December 06, 2013
Te Deum: A Christmas Celebration
In collaboration with Mercury, the Bach Choir will present “Te Deum: A Christmas Celebration” featuring a selection of festive French Baroque music, including Marc-Antoine Charpentier’s delightful Messe de Minuit (Midnight Mass). This event will take place on Saturday, December 14, at 8:00 p.m. in downtown’s Wortham Theater Center. M.-A. Charpentier (1643-1704) was a prolific French composer who produced high-quality music in many genres, and the output of his sacred music was immense. For more information about the concert, please visit Mercury’s website at http://mercuryhouston.org/events/71/. The performance is our last in this calendar year, and we hope you can join us.
July 31, 2013
Welcome to the 2013-2014 Season!
Our 2013-2014 season is one of contrasts, running the gamut from the sweet solitude of the Goldberg Variations to Bach’s most lavish work, the Mass in B Minor. At Bach Vespers we bring you the exquisite cantatas for solo voice, and lesser-known 17th-century gems sung by an ensemble of soloists from the Bach Choir—the first time we have been able to offer this repertoire in authentic performance practice. In contrast, the Abendmusik Concerts feature two large-scale concerts, one with major works by Bach’s sons, and another of wide-ranging and emotional choral works for Passiontide sung by an expanded Bach Choir.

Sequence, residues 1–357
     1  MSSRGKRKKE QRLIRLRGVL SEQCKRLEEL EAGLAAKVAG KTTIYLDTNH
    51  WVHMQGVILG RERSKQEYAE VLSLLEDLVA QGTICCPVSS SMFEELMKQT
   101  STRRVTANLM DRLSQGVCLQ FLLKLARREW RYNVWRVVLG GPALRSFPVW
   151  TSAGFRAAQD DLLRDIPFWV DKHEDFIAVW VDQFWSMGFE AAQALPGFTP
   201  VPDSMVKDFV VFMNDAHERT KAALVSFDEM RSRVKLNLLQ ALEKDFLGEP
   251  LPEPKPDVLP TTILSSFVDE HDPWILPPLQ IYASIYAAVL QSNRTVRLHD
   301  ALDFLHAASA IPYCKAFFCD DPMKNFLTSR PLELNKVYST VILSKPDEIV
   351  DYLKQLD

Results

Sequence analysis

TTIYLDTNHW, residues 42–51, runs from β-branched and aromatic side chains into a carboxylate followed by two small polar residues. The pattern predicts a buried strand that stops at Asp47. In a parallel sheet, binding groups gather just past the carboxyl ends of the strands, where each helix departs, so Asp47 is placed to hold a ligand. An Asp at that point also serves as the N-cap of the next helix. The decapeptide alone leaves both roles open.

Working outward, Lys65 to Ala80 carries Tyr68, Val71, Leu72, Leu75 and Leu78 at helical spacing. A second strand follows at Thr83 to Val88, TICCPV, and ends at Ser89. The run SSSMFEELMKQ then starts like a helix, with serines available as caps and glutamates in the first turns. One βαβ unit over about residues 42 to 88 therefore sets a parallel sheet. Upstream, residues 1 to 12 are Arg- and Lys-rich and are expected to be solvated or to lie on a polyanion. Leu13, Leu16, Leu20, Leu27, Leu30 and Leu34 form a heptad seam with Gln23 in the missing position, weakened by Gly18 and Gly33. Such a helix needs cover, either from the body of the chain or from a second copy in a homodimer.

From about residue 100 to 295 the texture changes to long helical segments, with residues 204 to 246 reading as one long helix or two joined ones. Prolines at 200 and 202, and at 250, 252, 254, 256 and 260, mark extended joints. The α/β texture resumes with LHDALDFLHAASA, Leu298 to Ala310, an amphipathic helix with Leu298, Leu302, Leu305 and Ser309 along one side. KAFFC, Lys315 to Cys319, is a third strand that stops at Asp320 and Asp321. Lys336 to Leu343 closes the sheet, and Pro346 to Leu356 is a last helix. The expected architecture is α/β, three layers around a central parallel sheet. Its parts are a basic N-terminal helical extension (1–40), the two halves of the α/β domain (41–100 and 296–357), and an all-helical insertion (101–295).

We are also thrilled to bring you the rare opportunity to hear the St. Thomas Boys Choir of Leipzig, Bach’s own choir, in two separate programs at Stude Hall. This is sure to be the high point of a season filled with superlative performances. We hope you will join us often—not only at our home at Christ the King Lutheran Church, but at Zilkha Hall and the Cullen Theater. Be sure to visit our website to find much more information on the music and the artists of this exciting new season.
May 18, 2013
Chamber Concert ends the season in a blaze of color
"The magnificent baroque city of Dresden was one of the most visited destinations for musical travelers. The Saxon rulers collected not only acclaimed musicians, but also fabulous objects of art and science." As David Yearsley implied in the progam notes to his recent organ recital, the Saxon court loved musical splendor and assembled musical ensembles of the finest players of the time.